SACRAMENTO, CA - Ifstriking workers at Hostess plants across the country don't return to work by2 p.m. Thursday, the company will start the liquidation process first thing Friday in bankruptcy court, say officials.
That means roughly 18,500 Hostessworkers across the country could very soon be out of a job, including300 at the Sacramento plant off Arden Way.
When the2 p.m. deadline came and went, picketers continued their march in front of the Sacramento facility.
Strikes are happening at 24 of Hostess' 33 plants in the United States. The employees are not happy with a new labor contract that calls for cuts to health care benefits andan eight-percentsalary cut across the board.
Workers at the Sacramento facility say they're not on strike, but are just supporting their fellow bakers union members who are holding down the picket lines in other cities.
Hostess has already made moves to close plants in St. Louis, Cincinnati, and Seattle in response to the strike, and already 627 workers at those plants are out of a job.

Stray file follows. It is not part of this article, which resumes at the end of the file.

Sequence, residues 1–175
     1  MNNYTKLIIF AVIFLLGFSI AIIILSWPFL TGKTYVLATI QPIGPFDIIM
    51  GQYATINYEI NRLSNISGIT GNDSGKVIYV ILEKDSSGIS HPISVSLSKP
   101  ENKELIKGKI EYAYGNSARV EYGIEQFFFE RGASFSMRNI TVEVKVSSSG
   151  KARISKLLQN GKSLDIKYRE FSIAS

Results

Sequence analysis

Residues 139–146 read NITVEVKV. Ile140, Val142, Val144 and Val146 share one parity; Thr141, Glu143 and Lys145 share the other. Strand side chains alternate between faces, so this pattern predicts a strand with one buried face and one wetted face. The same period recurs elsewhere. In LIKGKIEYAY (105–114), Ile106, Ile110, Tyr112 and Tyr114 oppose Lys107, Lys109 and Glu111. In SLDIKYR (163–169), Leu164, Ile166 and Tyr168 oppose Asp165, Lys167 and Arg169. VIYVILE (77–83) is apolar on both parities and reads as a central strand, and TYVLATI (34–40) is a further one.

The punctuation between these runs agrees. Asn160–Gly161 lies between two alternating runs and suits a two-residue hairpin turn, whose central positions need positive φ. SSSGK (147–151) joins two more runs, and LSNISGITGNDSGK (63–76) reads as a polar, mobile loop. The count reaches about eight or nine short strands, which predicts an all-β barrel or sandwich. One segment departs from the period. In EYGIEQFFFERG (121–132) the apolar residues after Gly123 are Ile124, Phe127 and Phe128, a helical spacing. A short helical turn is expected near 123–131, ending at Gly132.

The layoffs happened quickly, unlike the situation at the Campbell's soup plant in south Sacramento where many workers are still on the job through July.
The president of the bakers union says the workers are not willing to take the large wage and benefit cuts on top of concessions they already made in 2004, "just so that wall street vulture capitalists in control of the company can walk away with millions of dollars."
Some analysts say the long-time products likeTwinkies, Ding Dongs, and Wonderbread coulddisappear due to the situation, butothers believe Hostess' trademark treatswill live on after getting scooped up at auction and attached to products from other companies.